There Truly is a Dire Need for Blood in Tennessee

When all is said and done, donating your blood in this time of great need will absolutely help save a life. If you’d like to donate blood, you don’t have to go to a blood bank and wait. Instead, you can set up an appointment with Blood Assurance. All blood donated through Blood Assurance stays within the state.


Depending on the timing, you can also do a quick google search and see if any donation drives are doing giveaways. The American Red Cross has been doing raffles, giving away gifts cards, and more for donating.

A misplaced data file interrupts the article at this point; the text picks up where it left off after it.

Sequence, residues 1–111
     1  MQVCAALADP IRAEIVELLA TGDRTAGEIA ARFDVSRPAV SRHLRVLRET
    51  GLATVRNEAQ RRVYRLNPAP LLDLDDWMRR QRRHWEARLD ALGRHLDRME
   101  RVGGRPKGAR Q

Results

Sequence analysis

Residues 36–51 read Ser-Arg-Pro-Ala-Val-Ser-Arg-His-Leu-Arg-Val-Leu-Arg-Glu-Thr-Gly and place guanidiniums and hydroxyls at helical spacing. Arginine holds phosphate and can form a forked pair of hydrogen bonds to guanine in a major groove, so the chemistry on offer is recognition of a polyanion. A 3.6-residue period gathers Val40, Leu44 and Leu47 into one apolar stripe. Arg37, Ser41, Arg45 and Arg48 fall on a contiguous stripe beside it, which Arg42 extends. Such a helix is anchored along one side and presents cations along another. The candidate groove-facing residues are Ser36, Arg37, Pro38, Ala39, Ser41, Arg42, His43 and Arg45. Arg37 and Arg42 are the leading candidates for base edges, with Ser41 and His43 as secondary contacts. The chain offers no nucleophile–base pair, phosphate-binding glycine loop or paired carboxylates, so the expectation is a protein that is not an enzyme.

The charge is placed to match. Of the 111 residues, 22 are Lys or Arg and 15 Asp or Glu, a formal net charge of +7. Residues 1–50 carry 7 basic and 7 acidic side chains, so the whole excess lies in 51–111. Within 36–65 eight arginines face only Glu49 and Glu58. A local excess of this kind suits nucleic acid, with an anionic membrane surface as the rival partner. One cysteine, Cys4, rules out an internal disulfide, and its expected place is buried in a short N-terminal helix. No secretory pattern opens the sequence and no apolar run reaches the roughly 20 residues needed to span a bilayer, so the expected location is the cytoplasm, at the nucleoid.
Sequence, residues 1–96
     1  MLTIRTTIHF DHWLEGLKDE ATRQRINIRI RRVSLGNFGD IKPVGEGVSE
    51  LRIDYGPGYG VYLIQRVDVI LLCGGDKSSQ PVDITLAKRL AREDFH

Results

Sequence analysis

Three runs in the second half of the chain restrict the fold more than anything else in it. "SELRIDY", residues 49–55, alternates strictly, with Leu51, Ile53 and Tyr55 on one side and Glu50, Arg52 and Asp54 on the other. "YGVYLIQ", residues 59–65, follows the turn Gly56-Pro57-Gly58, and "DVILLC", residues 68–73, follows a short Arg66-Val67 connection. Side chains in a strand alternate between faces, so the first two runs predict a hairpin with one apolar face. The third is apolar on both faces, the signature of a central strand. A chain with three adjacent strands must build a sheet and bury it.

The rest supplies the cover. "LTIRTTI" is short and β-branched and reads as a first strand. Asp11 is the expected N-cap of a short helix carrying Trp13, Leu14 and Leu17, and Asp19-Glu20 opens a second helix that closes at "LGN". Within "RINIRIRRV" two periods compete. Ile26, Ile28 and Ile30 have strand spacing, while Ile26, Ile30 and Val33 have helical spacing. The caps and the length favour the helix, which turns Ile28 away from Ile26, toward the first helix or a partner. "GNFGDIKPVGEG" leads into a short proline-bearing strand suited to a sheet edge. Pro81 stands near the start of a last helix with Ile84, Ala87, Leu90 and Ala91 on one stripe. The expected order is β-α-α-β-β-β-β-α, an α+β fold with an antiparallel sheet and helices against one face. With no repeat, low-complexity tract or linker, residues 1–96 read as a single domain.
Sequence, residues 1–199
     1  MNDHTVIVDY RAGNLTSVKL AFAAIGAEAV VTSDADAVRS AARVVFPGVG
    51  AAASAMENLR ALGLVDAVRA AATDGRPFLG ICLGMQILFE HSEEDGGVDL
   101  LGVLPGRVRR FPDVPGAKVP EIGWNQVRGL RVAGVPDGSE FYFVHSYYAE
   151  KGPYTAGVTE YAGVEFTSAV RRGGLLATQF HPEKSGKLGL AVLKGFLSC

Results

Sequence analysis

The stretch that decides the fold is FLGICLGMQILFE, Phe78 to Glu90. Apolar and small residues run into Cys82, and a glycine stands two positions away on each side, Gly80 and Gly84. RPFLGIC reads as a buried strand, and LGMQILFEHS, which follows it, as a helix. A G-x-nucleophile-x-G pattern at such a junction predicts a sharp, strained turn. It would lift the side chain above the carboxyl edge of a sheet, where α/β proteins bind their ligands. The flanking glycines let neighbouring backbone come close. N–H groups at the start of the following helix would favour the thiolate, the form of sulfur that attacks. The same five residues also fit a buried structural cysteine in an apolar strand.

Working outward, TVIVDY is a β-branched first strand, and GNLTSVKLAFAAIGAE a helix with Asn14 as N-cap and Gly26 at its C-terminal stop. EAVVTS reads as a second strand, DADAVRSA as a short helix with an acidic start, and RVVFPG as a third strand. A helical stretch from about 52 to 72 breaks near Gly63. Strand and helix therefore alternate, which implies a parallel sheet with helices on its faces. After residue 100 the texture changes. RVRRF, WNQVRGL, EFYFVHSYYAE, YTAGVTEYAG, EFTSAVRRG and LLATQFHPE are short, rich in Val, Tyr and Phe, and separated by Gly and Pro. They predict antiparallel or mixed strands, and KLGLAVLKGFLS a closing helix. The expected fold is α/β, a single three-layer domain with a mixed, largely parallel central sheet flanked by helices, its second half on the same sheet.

• Marathon Village-area commercial building sells for $1.9M (Post)
  • Ex-brewery site in Gulch sells for $5.5M (Post)
  • Development company plans mixed-use building for Gulch (Post)
  • Competitors still opposing VUMC’s Rutherford plans (Post)
  • Building once housing famous clothier’s business sells for $6M (Post)
  • Better Sidewalks & Tree Canopies; See What’s Now & Next On 1st & 2nd Avenues In Nashville. (Now Next)


We hear a lot about emergencies these days. From the "climate emergency" to the "covid emergency", it would seem we are constantly beset by emergencies that warrant special responses from ourselves and our governments. More often than not, these emergencies mean that citizens, in some way, have rights stripped from them in an attempt to ward off or prevent the certain calamity on the horizon.